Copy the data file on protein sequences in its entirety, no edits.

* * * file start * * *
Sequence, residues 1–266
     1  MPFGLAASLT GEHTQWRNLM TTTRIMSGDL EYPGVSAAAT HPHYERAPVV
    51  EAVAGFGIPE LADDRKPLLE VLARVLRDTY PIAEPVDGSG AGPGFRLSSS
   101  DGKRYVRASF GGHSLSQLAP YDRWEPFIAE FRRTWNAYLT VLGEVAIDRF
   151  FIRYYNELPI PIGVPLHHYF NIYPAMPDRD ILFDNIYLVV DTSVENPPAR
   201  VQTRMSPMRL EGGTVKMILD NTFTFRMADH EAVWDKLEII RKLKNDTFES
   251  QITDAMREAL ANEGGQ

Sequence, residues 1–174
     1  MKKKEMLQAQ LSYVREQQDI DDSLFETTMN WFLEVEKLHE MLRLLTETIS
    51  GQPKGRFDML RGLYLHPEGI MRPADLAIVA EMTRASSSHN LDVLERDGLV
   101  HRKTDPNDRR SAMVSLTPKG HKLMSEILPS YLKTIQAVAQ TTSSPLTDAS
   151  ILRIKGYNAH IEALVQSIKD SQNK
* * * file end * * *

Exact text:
Sequence, residues 1–266
     1  MPFGLAASLT GEHTQWRNLM TTTRIMSGDL EYPGVSAAAT HPHYERAPVV
    51  EAVAGFGIPE LADDRKPLLE VLARVLRDTY PIAEPVDGSG AGPGFRLSSS
   101  DGKRYVRASF GGHSLSQLAP YDRWEPFIAE FRRTWNAYLT VLGEVAIDRF
   151  FIRYYNELPI PIGVPLHHYF NIYPAMPDRD ILFDNIYLVV DTSVENPPAR
   201  VQTRMSPMRL EGGTVKMILD NTFTFRMADH EAVWDKLEII RKLKNDTFES
   251  QITDAMREAL ANEGGQ

Sequence, residues 1–174
     1  MKKKEMLQAQ LSYVREQQDI DDSLFETTMN WFLEVEKLHE MLRLLTETIS
    51  GQPKGRFDML RGLYLHPEGI MRPADLAIVA EMTRASSSHN LDVLERDGLV
   101  HRKTDPNDRR SAMVSLTPKG HKLMSEILPS YLKTIQAVAQ TTSSPLTDAS
   151  ILRIKGYNAH IEALVQSIKD SQNK